Rwandan fashion industry should embrace plus size models, says Ruhinda

Lucy Hope Ruhinda has been modelling for the last four years an experience she says has taught her a lot. Born to a Tanzanian father and Rwandan mother, the 25 year old was raised in Tanzania but chose to stay in Rwanda and pursue her education and a career in Rwanda after falling in love with the country.
Lucy Hope Ruhinda. / Faustin Niyigena.
Lucy Hope Ruhinda. / Faustin Niyigena.

Lucy Hope Ruhinda has been modelling for the last four years an experience she says has taught her a lot. Born to a Tanzanian father and Rwandan mother, the 25 year old was raised in Tanzania but chose to stay in Rwanda and pursue her education and a career in Rwanda after falling in love with the country.

The third year student of Business and IT also intends to put it into practice her IT skills into fashion. She talked to Sunday Times’ Sharon Kantengwa about her modelling journey and her take on the industry.

Take us through your modelling journey

In my teenage years, I dreamt of performing in front of crowds. I initially thought of singing but realised I wouldn’t succeed because it wasn’t my calling. While in high school, I realised I had a flair for modelling and it soon became a hobby I enjoyed. 

I then chose to make it a career and joined a modelling agency in Mwanza where I worked for them for one year. When I came to Rwanda in2011, I was given a scholarship at University of Rwanda’s College of Business and Economics but my dream was to study IT and I joined University of Kigali.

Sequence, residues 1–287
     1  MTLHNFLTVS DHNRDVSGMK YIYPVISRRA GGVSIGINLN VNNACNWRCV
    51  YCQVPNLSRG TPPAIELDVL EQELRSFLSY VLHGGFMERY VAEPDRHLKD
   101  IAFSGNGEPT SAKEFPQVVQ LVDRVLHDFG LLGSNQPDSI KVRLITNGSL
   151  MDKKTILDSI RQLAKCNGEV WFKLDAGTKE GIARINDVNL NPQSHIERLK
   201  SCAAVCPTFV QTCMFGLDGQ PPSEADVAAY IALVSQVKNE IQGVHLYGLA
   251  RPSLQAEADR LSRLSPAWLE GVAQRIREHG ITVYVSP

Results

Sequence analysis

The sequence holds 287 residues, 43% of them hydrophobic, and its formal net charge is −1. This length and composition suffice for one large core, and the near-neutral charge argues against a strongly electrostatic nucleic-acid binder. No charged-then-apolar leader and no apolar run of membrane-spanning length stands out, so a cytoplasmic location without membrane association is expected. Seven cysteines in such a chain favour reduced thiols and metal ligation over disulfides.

I had given up on modelling, to concentrate on my studies until former Miss Rwanda, Mutesi Aurore Kayibanda noticed my talent for modelling and encouraged me to contest for Miss University. I didn’t win the competition which discouraged me because I felt that I had disappointed all those who believed in me.

Turning point

My turning point came when fashion designer Daddy de Maximo commended me on my pictures that I often posted online. He encouraged me to rekindle my modelling career and after he left the country I started doing it as a profession. It’s been four years since and I haven’t looked back. 

It is a flair that has helped me meet so many people. I have successfully participated in most of the fashion events in Rwanda including the Rwanda cultural Fashion show and Kigali fashion week.

You seem to be happy with your progress; can you say modelling pays your bills?

Modelling here is still on freelance basis and it therefore cannot pay all your bills. One only has to have the passion and patience for it as it pays off in the long run and can take you places. Luckily our recognition is stepping up in this country and the Ministry of Sports and Culture is doing a great job in supporting us.

What would you wish to see changed in the industry?

There are so many stereotypes regarding models and among them is that only slender girls make good models which is isn’t the case. Our job is to showcase fashion that anyone can wear and although the slim ones are highly preferred in this country plus size models should be given chance to participate in fashion events as I have seen in many other countries.

What more do you intend to achieve?

I have created a soft ware that will be ready in a month that deals with fashion and design. I want to market and develop it to ease producer and consumer satisfaction in the fashion industry.

 

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